We will make this part easy for you. This page gives you a basic insight into what's required when it comes to your artwork, but feel free to delve off in different directions if you want to find out more.
This is the most traditional form of printing. It produces the highest quality results, but it's expensive set up costs mean it's unlikely to be suitable for small quantity orders. You can use this technique to print onto almost any type of garment BUT you can't use any type of artwork. Designs which use gradients, shades and complex colours - such as images or photos - are not recommended for screen printing.
The higher the quantity, the lower the price - it really is as simple as that. Prices also increase for additional colours used in your design and when printing onto dark coloured garments (please be aware that to ensure a high quality print, an additional ink base layer is required). Screen printing produces a rough finish, but it is the most durable - this makes it the ideal technique for events and promotional giveaways.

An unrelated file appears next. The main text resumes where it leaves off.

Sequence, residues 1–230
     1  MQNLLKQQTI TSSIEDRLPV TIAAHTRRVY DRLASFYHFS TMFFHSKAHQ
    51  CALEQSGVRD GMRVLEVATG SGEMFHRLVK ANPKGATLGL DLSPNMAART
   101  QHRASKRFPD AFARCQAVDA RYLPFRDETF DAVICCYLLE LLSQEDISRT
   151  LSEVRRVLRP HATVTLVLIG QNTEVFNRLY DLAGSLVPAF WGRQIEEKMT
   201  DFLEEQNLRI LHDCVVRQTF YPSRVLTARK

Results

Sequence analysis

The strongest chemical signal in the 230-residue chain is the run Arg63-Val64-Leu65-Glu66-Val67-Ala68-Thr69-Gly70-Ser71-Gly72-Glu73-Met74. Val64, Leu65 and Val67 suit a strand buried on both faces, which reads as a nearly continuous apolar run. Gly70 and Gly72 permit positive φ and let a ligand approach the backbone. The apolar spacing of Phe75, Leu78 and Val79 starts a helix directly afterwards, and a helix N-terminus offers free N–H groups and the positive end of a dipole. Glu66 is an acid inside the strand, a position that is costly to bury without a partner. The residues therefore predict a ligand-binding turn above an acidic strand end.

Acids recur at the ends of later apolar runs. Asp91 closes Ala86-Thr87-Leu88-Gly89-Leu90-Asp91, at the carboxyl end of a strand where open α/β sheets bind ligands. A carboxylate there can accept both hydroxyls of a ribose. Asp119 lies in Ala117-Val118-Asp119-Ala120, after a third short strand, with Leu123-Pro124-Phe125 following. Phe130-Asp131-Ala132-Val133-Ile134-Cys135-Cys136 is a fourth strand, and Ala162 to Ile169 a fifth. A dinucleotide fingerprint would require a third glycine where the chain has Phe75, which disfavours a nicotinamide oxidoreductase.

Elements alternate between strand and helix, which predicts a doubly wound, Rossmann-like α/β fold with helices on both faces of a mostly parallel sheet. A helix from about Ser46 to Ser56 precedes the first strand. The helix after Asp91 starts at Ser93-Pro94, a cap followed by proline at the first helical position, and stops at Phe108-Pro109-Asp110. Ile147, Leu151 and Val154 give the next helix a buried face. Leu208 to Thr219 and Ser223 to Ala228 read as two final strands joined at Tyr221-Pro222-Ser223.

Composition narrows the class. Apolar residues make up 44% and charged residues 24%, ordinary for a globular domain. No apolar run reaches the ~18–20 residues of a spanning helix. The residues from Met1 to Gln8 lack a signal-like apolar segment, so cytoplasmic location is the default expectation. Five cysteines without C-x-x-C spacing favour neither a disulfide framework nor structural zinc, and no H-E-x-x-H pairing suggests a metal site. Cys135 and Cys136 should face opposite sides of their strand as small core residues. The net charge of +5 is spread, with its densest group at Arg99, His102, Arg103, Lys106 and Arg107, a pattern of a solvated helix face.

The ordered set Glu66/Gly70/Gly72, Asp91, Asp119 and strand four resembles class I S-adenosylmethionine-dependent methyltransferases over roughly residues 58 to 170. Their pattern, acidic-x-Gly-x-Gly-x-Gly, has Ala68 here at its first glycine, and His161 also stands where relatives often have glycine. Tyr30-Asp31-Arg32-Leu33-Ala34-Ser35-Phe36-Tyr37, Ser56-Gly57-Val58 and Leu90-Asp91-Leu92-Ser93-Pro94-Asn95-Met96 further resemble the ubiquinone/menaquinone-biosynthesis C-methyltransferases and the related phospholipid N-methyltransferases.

Artwork type Vector graphics
Suggested software Adobe Illustrator
File extensions .ai, .eps, .pdf
Maximum printing size Up to 29.7x42cm (or A3, if you prefer)
Colour space Not important, since it depends on the ink. Accepts Pantone matching, yay!
File handling tips
Convert all text to outlines, in case we don´t have the font you used on it
Preferably provide artwork set to print size (1:1)
If you´re using halftones, make sure you set the PostScript options to: Type = Dot / Frequency = 30 / Angle = 30
Intersecting objects should be subtracted so each print colour can be separated into a different layer
Use consistent colours in your file (i.e.: use the same shade of blue for all blue areas in your design)
Provide Pantone matching colour reference, if you want
All artwork should be saved on the artboard
Have "Create PDF compatible file" checked when saving
If sending Mac Illustrator files, please make sure that the file extension is included in the file name
What to avoid